Fiscal Cliff Deal and Its Impact on the Environment
By Tyler Collins
The American Taxpayer Relief Act of 2012 passed by Congress on January 1st and signed into law almost immediately by President Obama, delayed a scheduled 8.2% cut to non-defense discretionary spending until March 1, 2013.
On top of skirting major budget cuts, this legislation avoided some of the most harmful aspects of the “fiscal cliff” while extending financial incentives for some environmentally beneficial programs. Here are some of the key environmental issues addressed by the fiscal cliff deal:
Wind power: The legislation included a one-year extension of the production tax credit (PTC), worth 2.2 cents per kilowatt-hour of wind-generated electricity. This provision prevented the elimination of an estimated 37,000 American jobs.
Biofuels: Several financial incentives were extended for U.S. biofuel producers. The new law also specified that algae is an acceptable feedstock for production of biofuels.
Energy efficiency: The law extends a number of tax credits that encourage more sustainable energy consumption and reduce the cost of energy-efficient home appliances.
Alternative-fuel vehicles: A tax credit for two- or three-wheeled plug-in electric vehicles and a tax credit on refueling property for alternative-energy vehicles has been extended through December 31, 2013.
Arguably the most significant component of the deal relates to conservation and protection of the country’s natural resources and environment.
According to the National Resources Defense Council’s fiscal cliff report, the National Forest System includes 193 million acres of wilderness, spanning from temperate and tropical forests to wetlands, grasslands and tundra. In addition to generating $14.5 billion in annual public recreation, national forest lands account for 20% of U.S. drinking water supply, valued at $27 billion per year by the U.S. Forest Service. Another 345 million people visit U.S. national parks and wildlife refuges every year, supporting 292,000 jobs and $35.2 billion in economic activity.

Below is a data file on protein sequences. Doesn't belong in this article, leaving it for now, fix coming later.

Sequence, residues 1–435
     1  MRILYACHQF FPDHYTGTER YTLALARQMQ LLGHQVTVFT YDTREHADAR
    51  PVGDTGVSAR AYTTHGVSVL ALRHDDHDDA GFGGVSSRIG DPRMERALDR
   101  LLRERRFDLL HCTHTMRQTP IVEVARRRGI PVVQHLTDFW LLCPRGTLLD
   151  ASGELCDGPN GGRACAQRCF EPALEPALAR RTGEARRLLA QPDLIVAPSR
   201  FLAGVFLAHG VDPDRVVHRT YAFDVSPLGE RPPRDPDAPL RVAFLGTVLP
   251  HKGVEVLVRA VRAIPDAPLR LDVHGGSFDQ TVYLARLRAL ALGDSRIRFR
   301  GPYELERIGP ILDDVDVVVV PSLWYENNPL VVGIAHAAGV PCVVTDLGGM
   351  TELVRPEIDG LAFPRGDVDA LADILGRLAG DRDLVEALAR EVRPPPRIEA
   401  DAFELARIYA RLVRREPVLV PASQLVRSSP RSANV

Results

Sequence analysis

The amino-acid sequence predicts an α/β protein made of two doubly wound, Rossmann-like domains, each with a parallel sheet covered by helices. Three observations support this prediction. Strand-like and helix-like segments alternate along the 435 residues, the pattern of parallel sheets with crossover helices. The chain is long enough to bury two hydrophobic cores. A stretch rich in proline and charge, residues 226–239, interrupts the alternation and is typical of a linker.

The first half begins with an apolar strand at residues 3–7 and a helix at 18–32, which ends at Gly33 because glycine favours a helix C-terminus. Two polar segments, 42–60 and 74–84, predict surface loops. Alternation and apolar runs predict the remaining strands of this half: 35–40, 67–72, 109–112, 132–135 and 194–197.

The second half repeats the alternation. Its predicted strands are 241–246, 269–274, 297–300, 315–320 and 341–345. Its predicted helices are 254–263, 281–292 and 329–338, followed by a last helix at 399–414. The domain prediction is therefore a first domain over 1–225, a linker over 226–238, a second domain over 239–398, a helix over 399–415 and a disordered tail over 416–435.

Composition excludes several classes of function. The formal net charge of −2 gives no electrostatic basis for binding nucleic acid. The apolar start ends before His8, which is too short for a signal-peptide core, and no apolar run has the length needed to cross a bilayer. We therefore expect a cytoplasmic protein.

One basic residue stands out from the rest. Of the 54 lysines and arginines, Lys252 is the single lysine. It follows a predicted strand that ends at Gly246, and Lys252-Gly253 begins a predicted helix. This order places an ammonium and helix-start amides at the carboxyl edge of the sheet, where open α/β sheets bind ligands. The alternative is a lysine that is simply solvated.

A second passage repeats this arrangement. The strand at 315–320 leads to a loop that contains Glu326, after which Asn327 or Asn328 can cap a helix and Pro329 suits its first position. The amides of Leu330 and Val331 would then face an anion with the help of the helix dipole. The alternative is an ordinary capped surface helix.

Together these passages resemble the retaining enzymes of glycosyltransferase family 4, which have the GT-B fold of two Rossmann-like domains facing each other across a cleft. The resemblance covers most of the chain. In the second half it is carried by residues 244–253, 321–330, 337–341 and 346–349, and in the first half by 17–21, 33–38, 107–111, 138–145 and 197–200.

The temporary tabling of spending cuts at federal environmental agencies like the National Park Service, the Bureau of Land Management, and the Environmental Protection Agency significantly reduces the environmental and economic impacts of the fiscal cliff.
“Today, Americans can breathe a sigh of relief… furloughed workers, closed national parks, and dirtier air and water won’t solve our economic woes,” said Franz Matzner, associate director of government affairs at the Natural Resources Defense Council. “The nation needs a balanced plan that recognizes a healthy environment and a healthy economy go hand in hand.”
First Affirmative couldn’t agree more.
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Posted: January 18, 2013